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By looking at information stored in chemistry, says former NASA fellow, life from non-life can be explained

An outstanding question in the field of evolutionary biology and biochemistry is how the complex, fragile biochemicals that made up life arose and transformed biomaterial in the early Earth from non-living to the earliest "living" organisms.  Some researchers have looked for quasi-alive constructs like prions or viruses for clues.

But a new paper by Paul Davies, an Arizona State University Regents' Professor and director of the Beyond Center for Fundamental Concepts in Science, and Sara Walker, a NASA post-doctoral fellow at the Beyond Center, published in the journal Interface suggests that researchers are approaching the problem in the wrong way.

They suggest that rather looking at the "hardware" (biochemicals), they look at the "software" (chemically encoding information).  The authors suggest that the defining line between the living and non-living is the ability to manage encoded information, thus the key question is how this information handling arose.

Spark of Life
Could the clue to how life arose lie in how it encodes information?

Comments Prof. Walker, "When we describe biological processes we typically use informational narratives -- cells send out signals, developmental programs are run, coded instructions are read, genomic data are transmitted between generations and so forth.  So identifying life's origin in the way information is processed and managed can open up new avenues for research."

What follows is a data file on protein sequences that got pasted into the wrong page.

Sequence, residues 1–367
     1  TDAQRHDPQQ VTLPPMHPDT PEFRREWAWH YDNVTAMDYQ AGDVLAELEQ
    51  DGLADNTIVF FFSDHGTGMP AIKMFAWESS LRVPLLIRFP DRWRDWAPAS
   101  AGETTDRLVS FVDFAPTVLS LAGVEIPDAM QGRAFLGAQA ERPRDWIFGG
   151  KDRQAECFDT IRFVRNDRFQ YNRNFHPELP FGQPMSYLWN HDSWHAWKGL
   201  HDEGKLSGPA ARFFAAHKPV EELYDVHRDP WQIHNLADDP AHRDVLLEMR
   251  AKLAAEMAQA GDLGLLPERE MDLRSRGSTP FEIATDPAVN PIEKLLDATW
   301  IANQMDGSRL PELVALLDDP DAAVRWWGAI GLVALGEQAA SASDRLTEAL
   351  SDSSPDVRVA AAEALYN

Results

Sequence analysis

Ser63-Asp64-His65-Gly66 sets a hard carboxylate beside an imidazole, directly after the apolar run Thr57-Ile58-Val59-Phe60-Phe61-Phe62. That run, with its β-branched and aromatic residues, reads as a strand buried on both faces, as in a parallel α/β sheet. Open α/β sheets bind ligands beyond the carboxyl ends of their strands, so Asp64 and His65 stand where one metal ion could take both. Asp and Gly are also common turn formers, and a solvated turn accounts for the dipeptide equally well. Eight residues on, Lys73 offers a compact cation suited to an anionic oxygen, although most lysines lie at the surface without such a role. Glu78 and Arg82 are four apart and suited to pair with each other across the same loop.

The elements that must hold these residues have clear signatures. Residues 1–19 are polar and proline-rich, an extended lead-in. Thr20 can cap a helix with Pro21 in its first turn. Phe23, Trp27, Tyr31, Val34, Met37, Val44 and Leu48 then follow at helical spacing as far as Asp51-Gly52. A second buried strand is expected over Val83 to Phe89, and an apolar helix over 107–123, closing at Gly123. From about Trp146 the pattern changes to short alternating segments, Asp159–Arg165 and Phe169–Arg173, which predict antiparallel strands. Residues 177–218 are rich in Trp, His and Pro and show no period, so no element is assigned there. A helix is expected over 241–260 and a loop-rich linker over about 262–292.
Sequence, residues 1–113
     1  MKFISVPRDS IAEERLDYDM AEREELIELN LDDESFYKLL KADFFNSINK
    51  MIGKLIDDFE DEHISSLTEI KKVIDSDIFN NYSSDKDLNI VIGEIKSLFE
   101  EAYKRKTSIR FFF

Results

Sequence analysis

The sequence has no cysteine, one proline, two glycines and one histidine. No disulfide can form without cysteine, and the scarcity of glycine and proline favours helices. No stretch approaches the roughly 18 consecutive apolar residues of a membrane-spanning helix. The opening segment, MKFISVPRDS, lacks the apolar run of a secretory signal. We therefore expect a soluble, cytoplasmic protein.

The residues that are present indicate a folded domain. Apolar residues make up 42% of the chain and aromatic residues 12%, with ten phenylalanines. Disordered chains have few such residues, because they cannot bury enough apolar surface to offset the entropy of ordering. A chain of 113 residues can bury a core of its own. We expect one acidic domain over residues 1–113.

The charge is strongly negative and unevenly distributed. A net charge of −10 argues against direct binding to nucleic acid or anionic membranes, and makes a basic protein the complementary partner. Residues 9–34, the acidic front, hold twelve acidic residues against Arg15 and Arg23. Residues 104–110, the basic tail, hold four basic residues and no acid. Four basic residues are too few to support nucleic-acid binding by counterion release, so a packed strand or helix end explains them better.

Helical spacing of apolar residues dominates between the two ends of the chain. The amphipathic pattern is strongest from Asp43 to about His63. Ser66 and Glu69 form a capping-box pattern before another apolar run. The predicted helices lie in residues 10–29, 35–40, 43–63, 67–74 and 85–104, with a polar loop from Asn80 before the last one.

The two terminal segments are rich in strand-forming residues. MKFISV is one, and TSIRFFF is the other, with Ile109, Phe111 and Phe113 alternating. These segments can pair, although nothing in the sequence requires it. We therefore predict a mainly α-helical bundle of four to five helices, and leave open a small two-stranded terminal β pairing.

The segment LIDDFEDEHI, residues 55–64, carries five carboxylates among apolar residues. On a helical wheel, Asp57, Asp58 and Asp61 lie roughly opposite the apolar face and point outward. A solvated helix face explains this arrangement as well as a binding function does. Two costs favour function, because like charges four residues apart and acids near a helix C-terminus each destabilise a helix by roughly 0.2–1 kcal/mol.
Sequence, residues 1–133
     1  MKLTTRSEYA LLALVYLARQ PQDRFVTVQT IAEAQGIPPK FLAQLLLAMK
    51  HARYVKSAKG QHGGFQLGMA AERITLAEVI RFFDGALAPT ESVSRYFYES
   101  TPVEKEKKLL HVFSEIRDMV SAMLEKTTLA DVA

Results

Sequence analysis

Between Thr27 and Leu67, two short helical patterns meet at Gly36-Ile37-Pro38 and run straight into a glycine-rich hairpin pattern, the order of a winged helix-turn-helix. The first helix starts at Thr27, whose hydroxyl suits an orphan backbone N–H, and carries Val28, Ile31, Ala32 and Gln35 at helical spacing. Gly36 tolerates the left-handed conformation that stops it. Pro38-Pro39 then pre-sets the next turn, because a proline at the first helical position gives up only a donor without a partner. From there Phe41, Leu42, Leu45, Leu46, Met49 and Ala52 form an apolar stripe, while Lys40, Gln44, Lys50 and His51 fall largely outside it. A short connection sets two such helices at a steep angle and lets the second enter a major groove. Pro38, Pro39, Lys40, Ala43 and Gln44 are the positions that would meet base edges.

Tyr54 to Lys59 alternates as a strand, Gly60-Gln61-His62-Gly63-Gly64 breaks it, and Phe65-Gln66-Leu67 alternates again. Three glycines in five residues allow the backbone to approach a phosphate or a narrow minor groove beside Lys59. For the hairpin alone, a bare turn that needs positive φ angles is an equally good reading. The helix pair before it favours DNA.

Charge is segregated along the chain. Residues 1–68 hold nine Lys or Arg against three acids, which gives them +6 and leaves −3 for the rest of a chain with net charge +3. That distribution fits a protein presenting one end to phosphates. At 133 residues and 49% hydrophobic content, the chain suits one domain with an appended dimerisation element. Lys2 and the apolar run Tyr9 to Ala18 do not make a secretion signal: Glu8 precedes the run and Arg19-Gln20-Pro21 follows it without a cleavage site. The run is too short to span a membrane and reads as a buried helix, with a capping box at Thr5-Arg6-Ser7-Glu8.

"Chemical based approaches have stalled at a very early stage of chemical complexity -- very far from anything we would consider 'alive.' More seriously they suffer from conceptual shortcomings in that they fail to distinguish between chemistry and biology."

"We propose that the transition from non-life to life is unique and definable," Prof. Davies adds, "We suggest that life may be characterized by its distinctive and active use of information, thus providing a roadmap to identify rigorous criteria for the emergence of life. This is in sharp contrast to a century of thought in which the transition to life has been cast as a problem of chemistry, with the goal of identifying a plausible reaction pathway from chemical mixtures to a living entity."

"To a physicist or chemist life seems like 'magic matter.  It behaves in extraordinary ways that are unmatched in any other complex physical or chemical system. Such lifelike properties include autonomy, adaptability and goal-oriented behavior -- the ability to harness chemical reactions to enact a pre-programmed agenda, rather than being a slave to those reactions."

"We believe the transition in the informational architecture of chemical networks is akin to a phase transition in physics, and we place special emphasis on the top-down information flow in which the system as a whole gains causal purchase over its components.  This approach will reveal how the logical organization of biological replicators differs crucially from trivial replication associated with crystals (non-life). By addressing the causal role of information directly, many of the baffling qualities of life are explained."

Crystals
Crystals are also self-replicating, but they lack the flexibility of life.
[Image Source:  Giovanni Dall'Orto]

If that all sounds a bit abstract, it is.

But basically it seems that the pair are arguing that by looking at differences between the self-replicating information in biochemicals (e.g. RNA) verus self-replication information in inorganic/non-living constructs (e.g. crystals), researchers may be able to retrace the process of how life arose on Earth more easily than if they merely focus on painstakingly mixing chemical constituents, hoping something arises.